The results of the ballot will be known on 5 October and will determine whether or not the staff take strike action. GMB union leaders want to see all staff get a 3.5 per cent pay rise from the Banbury-based service provider, which took over the contract for the east London council from Continental Landscapes in October 2006.
GMB says some employees are being paid just £6 an hour, while others are on just £6.50 an hour.
Union official Bert Schouwenburg said: “Fountains keeps saying that this is a difficult time for them but no one should be paid under the living mean rate of £7.20 an hour. It’s appalling.”
The union claims that a sloppy contract handover led to the failure by Continental Landscapes to inform Fountains of the pay settlement it had agreed with the Tower Hamlets staff.
But Fountains said it gave the staff a five per cent increase a year ago. It added that, following further negotiations this month, it has offered workers another pay rise (of an undisclosed amount) that is slightly above the rate of inflation — but the trade union has turned down this offer, saying that it is not good enough.
Fountains also claims that not all of the employees are agreeing with the union’s tactics.
A representative said: “The employees at Tower Hamlets have been contacting Fountains directly stating that they wish to accept the company pay increase. To date, over 50 per cent of the workforce at Tower Hamlets have accepted the pay increase.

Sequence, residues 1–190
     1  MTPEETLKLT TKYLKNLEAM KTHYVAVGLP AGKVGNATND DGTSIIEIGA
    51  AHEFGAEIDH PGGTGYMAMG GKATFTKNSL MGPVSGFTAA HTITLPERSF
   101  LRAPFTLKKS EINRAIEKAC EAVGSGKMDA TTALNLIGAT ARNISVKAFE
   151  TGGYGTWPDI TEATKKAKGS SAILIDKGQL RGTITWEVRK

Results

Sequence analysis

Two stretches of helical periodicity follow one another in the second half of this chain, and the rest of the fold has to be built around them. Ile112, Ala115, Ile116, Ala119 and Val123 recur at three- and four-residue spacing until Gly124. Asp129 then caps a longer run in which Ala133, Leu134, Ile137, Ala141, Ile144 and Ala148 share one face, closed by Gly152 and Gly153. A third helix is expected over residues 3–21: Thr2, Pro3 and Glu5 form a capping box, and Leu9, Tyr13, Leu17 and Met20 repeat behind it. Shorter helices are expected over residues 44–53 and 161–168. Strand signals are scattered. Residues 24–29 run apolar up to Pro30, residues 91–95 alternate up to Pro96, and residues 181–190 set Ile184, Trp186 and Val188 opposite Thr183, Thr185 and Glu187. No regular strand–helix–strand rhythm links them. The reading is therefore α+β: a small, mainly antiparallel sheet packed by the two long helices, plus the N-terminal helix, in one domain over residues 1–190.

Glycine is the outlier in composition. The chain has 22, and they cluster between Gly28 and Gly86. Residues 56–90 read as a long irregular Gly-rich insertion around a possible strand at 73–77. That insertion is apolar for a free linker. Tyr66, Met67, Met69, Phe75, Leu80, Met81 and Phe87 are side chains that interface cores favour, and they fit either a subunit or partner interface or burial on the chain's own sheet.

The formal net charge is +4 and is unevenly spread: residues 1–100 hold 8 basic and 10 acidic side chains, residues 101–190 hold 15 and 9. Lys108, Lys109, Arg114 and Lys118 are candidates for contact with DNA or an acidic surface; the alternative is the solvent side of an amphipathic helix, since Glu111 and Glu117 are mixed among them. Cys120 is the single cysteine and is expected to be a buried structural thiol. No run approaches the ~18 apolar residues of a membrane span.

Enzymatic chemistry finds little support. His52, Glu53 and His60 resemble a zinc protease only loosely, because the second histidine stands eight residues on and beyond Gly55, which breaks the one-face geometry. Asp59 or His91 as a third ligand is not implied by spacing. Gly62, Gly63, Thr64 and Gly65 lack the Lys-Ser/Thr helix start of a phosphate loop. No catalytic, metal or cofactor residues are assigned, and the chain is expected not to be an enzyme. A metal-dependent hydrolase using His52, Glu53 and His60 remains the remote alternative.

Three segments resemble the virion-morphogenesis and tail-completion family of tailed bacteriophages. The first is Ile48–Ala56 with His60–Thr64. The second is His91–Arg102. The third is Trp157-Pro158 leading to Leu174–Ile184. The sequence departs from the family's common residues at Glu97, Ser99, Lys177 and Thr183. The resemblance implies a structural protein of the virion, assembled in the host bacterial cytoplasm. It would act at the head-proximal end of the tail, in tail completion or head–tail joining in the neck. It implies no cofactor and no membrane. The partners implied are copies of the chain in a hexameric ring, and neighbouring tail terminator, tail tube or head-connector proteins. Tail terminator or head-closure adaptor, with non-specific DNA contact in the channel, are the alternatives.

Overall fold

The rest of the company, including other workforces represented by the same union, have accepted the pay increase.”
Both Continental Landscapes and Fountains deny the contract handover allegations.
Continental Landscapes managing director Simon Goodenough said: “As experienced and considerate employers, Continental Landscapes conformed with the current laws relating to the transfer and protection of staff under TUPE [Transfer of Undertakings (Protection of Employment) Regulations] when our contract came to an end in Tower Hamlets.”
Fountains first branched out into grounds maintenance two years ago. Since then it has seen that side of its business grow to a value of £16m. (HW, 22 March).
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